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The past year has been a remarkable ride for the oil and gas industry, and for the entire energy sector in general. Extreme volatility in commodity pricing, an oil contango, and an apparent paradigm shift away from fossil fuel-powered vehicles has all been “par for the course” in the past 12 months. Fortunately, the petroleum industry appears to be making significant strides to improve the environmental stewardship and operational efficiency of energy production by implementing new technologies and capitalizing on previously wasted resources like produced water and flare gas. Nonetheless, many questions still remain about the management of aging or abandoned infrastructure, specifically, “How can we monitor the environmental impacts of these neglected sites, and will these impacted sites grow in magnitude over time?” To answer this question, we must first understand what is required to perform such analyses.
In many cases, a relatively straightforward analysis of the environment can provide sufficient insight into the extent of environmental damage from a specific source (1). In the case of alleged groundwater contamination, using ion chromatography and inductively coupled plasma–mass spectrometry (ICP-MS), we can characterize various brine elements (chloride and bromide) and pertinent metal ions species, respectively, to better under the extent of fluid migration from flowback and produced water. Concurrently, gas and liquid chromatography–mass spectrometry (GC–MS and LC–MS) can be utilized to characterize the presence of volatile and semi-volatile organic compounds, which collectively can be representative of chemical additives used in the energy production process (that is, hydraulic fracturing) and be a reflection of other natural gas constituents (C1-C5 hydrocarbon gases) being present.
In the event that natural gas is present, as may be evidenced by a strong sulfur-bearing aroma or water effervescence, the characterization of methane, ethane, and propane, and their respective carbon isotopes, can provide insight into the origin of the rogue gas and help differentiate between naturally occurring biogenic (microbial) gas and thermogenic gas that may have made its way into the water via anthropogenic activities.
In numerous cases, we have seen that the isotopic signature of the rogue natural gas in a water source is a match with the equivalent signature collected from a nearby production well. Case closed, right? Not exactly. In some instances, there may also be a naturally occurring source of shallow gas that is not economically viable to extract, and that has a comparable isotopic signature to the two other thermogenic gases. In situations like these, higher-resolution analytical tools are required to parse out the differences. For example, the relatively recent emergence of noble gas and noble gas isotopic analyses has allowed investigators the opportunity to better perform point source attribution, and simultaneously characterize the migration pathway from the contamination source to the contamination site (2,3). Because noble gases are chemically inert and are not subject to oxidation and microbial degradation, they are ideal tracer elements that can be used to better understand subsurface fluid and gas migration. Using the aforementioned case with three matching methane isotope signatures, the characterization of noble gas analytes allowed us to differentiate water wells that had been inadvertently drilled directly into the intermediate gas layer from those that has been impacted by the activities of a nearby production well (4).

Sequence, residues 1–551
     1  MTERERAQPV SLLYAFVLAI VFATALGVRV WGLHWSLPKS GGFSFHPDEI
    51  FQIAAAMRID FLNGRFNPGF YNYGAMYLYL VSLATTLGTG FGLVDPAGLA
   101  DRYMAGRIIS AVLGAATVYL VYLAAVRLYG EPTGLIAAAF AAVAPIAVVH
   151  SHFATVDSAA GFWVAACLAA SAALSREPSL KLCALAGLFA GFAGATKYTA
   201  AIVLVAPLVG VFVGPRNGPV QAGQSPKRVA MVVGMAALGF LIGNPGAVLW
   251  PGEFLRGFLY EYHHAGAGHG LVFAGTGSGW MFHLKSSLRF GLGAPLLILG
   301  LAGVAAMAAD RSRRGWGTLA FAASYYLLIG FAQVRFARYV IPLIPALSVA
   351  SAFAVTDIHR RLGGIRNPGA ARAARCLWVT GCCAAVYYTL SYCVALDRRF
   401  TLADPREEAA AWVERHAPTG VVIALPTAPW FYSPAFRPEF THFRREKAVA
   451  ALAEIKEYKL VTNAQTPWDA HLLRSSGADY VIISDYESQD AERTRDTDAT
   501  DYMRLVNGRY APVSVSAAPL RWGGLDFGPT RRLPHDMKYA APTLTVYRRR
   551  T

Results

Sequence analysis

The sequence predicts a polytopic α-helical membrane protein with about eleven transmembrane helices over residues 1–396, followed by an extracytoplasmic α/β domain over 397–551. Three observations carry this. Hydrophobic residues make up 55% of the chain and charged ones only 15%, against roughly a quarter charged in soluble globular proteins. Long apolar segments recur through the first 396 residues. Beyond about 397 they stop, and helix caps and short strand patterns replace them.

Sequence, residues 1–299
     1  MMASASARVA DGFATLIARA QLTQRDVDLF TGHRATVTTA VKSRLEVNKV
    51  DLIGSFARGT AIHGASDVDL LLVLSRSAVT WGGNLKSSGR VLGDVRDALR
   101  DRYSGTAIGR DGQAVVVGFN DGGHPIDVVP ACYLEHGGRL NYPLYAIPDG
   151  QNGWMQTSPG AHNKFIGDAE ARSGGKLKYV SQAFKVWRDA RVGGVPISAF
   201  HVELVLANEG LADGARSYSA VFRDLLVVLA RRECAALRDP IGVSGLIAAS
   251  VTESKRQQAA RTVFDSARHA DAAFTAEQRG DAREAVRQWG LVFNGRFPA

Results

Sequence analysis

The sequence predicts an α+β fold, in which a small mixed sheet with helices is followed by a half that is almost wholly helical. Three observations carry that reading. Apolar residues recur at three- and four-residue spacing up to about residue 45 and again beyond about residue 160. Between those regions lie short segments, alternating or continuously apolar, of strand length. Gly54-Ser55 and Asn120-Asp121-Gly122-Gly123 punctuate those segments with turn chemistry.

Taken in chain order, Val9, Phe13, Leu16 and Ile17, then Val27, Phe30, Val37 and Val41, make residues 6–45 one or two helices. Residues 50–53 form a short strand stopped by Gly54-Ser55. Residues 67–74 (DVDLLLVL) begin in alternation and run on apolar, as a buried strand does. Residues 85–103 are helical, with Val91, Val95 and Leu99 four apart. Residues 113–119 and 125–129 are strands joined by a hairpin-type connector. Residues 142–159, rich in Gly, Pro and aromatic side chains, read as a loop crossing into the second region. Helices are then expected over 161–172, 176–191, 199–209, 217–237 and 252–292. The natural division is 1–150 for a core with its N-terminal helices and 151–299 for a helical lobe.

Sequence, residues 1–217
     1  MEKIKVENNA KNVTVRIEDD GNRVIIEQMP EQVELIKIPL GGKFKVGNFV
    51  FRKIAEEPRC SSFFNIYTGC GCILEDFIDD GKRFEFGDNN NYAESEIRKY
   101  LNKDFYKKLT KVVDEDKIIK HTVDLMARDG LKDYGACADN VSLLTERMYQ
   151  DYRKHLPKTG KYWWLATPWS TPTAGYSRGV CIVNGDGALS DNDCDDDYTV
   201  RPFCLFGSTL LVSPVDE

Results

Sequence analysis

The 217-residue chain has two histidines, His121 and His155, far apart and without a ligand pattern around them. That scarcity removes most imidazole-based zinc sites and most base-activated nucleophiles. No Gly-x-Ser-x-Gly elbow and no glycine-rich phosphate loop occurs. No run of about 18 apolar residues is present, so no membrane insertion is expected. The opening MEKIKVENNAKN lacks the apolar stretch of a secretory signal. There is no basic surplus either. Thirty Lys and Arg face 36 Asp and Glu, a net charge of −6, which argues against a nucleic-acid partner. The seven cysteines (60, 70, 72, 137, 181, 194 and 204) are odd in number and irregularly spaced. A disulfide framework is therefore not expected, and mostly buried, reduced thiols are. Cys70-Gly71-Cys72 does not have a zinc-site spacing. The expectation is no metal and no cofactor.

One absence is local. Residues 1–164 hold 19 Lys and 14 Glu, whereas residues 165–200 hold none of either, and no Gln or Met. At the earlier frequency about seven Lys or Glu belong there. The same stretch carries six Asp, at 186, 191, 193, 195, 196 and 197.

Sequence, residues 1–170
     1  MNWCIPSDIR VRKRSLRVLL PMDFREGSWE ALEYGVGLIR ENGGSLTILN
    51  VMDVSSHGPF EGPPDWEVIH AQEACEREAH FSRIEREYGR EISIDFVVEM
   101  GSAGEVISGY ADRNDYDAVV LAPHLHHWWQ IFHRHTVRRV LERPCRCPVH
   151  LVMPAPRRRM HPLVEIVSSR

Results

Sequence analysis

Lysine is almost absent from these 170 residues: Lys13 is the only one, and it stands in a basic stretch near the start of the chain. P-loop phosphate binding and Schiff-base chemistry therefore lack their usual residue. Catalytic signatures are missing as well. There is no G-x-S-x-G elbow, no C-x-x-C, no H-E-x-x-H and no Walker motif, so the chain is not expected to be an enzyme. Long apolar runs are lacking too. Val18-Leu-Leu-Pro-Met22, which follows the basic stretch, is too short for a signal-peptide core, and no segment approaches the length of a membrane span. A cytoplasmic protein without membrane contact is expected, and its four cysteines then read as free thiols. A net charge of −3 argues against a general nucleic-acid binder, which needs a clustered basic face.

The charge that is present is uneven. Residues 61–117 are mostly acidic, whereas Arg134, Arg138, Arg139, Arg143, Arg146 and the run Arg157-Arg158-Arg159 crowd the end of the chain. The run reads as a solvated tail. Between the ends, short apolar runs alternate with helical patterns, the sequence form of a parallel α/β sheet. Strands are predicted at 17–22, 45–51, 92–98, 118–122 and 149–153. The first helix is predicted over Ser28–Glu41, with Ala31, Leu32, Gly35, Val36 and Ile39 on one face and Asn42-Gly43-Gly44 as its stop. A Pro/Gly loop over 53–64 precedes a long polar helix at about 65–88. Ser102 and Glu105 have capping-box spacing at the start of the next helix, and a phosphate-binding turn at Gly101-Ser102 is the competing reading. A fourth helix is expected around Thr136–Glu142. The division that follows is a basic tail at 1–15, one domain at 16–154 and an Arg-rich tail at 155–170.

Unconventional oil and gas extraction is a multi-faceted landscape. From assessment of air, soil, and water quality to oilfield wastewater treatment and reuse, there are many places where both routine and advanced chemical analysis can provide insight. We will continue to be faced with situations where environmental forensics and point source attribution are needed to understand the cause of various contamination events. Even if fossil fuel extraction declines significantly over the next 20 years, we will still be left with the need to ensure abandoned well sites are properly closed and pose no threat to the environment. We have the technology and the know-how, but of course, there are still real limits in the research that can be performed with limited to no investment in such studies from traditional funding agencies.
(1) I.C. Santos, Z.L. Hildenbrand, K.A. Schug, Anal. Chem. 91, 689–703 (2019).
(2) T.H. Darrah, A. Vengosh, R.B. Jackson, N.R. Warner, and R.J. Poreda, Proceedings of the National Academy of Sciences 111(39), 14076–14081 (2014).
(3) C.J. Whyte, A. Vengosh, N.R. Warner, R.B. Jackson, K. Muehlenbachs, F.W. Schwartz, and T.H. Darrah, Sci. Total Environ. 780, 146555 (2021).
(4) Z.L. Hildenbrand, D.D. Carlton Jr., A.P. Wicker, et al., Sci. Tot. Environ. 713, 136618 (2020).
Zacariah L. Hildenbrand is a Research Professor at the University of Texas at El Paso, Texas. Kevin A. Schug is a Full Professor and the Shimadzu Distinguished Professor of Analytical Chemistry in the Department of Chemistry & Biochemistry at The University of Texas at Arlington. Direct correspondence to: firstname.lastname@example.org